Teamwork and Organisational Skills

  • Was appointed team leader for two group assignments (essay and presentation); successfully managed the workflow of the team, delivering excellent results – the mark for the entire team was over 70% for both assignments;
  • Used to working both in a team and independently; amplified my skills of working independently and managing my time while working as a researcher at the English department of the University of Malaga;
  • Excellent time management skills: successfully managed my studies while working part-time.

IT Skills

  • MS Word – advanced; MS Excel – Intermediate; MS PowerPoint –Advanced;
  • Outstanding internet research skills developed while working for the English department at the University of Malaga;
  • Experience in blogging and internet publishing; familiar with most major blogging platforms;

Work Experience

Researcher                                 2015 – 2016

The University of Malaga, English Department

Journalist                      Aug 2014 – Jan 2016

Anycity University Student Blog (voluntary)

Student Learning Mentor        2014 – 2017

Anycity University

Waiter and Cashier                 2013 – 2015

Café Amelia, Anycity

Skills-based CV

Just like with Jane Smith’s experience-based CV above, I will now provide an analysis of John Smith’s skills-based CV.

Just like Jane Smith, John is also applying for a job in marketing. However, unlike Jane, he does not have any direct experience in marketing. Even his degree is not relevant to the job: Jane has a degree in Marketing and Management and John studied English and Spanish.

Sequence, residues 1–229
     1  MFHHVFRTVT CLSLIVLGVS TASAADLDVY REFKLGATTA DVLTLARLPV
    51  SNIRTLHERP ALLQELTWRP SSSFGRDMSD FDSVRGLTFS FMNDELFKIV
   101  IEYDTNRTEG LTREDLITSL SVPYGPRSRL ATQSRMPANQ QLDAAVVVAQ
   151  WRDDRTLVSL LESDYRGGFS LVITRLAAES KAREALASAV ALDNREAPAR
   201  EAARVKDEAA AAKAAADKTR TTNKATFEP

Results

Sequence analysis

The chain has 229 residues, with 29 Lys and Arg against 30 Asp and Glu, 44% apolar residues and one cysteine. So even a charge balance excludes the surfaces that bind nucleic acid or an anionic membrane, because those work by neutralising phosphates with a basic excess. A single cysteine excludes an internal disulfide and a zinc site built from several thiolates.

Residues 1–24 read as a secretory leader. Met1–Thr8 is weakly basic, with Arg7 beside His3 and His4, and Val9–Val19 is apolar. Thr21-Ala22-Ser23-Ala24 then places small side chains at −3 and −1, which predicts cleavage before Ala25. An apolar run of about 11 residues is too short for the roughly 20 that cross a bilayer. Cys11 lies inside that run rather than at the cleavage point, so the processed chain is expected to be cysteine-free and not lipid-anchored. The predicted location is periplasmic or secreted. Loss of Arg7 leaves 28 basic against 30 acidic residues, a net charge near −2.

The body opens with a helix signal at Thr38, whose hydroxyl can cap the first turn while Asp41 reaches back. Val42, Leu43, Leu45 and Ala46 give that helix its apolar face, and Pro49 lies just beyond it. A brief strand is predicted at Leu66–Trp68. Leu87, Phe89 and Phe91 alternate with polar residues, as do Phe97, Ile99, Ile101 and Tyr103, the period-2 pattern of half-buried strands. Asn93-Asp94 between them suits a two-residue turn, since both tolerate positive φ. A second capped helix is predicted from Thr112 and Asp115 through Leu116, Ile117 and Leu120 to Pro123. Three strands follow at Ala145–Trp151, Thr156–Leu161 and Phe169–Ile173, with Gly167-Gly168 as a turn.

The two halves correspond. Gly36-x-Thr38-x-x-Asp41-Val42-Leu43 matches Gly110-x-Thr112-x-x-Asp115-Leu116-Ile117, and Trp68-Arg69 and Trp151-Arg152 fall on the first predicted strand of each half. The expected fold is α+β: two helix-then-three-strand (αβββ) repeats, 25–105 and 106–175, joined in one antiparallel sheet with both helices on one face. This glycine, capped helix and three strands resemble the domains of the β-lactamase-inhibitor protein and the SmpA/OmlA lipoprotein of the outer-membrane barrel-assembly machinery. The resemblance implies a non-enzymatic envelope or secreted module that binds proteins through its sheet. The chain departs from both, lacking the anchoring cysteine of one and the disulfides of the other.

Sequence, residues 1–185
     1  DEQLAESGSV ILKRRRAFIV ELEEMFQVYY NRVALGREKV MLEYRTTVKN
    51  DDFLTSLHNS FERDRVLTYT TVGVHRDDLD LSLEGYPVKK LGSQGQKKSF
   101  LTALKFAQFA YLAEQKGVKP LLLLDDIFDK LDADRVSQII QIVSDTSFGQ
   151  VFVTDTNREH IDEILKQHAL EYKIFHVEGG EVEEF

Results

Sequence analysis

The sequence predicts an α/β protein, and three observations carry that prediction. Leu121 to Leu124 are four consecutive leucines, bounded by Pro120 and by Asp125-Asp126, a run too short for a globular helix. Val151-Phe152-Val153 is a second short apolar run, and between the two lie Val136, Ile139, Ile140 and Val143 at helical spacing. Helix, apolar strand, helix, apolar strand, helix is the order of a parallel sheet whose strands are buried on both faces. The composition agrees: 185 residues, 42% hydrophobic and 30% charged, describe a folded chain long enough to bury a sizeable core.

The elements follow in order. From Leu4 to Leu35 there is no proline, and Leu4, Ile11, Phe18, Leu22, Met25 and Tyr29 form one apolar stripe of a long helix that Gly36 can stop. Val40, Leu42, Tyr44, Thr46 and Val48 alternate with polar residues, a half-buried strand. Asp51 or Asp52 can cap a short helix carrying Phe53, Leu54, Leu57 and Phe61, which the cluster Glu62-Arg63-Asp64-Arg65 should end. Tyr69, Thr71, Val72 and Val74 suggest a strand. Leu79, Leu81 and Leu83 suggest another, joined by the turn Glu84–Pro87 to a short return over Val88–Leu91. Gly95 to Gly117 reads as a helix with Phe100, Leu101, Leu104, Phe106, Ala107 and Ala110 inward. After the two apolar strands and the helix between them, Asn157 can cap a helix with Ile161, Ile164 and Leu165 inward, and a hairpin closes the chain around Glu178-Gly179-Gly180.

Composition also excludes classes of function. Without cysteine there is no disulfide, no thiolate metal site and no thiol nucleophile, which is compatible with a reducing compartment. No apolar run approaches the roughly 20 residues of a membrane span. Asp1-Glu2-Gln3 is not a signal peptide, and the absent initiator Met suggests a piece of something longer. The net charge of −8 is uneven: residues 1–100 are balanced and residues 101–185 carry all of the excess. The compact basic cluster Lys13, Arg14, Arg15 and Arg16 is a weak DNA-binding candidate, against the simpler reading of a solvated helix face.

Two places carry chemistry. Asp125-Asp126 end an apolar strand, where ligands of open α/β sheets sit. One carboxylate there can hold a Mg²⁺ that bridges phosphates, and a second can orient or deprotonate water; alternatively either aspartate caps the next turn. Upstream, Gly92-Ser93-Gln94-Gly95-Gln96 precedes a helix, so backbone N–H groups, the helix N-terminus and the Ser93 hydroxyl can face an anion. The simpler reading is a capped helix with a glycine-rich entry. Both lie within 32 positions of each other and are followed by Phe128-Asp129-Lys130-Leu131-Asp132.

However, he tried to extract as much as possible from his work experience and make his CV relevant to the marketing position that he is applying for. Let’s look at his CV in detail.

John’s CV is one page long in this guide because this is just an example. A real skills-based CV will be longer, more detailed, and contain more skills.

Skills-based CVs are usually two pages long because CVs are written in response to job descriptions and these job descriptions usually contain a long list of skills that the candidate should have. It takes two pages to list examples and evidence of all the skills required from the candidate.

1. Education 

The purpose of a skills-based CV is to show how the applicant has acquired and developed all these skills over the course of his/her professional experience. The first four elements of his CV are the same as Jane Smith’s. However, Education is a bit different.

As you can see, John has added a bit more information about his education: he mentioned the fact that he did a four-year course with an integrated study placement abroad. Why did he mention it? Why is it relevant?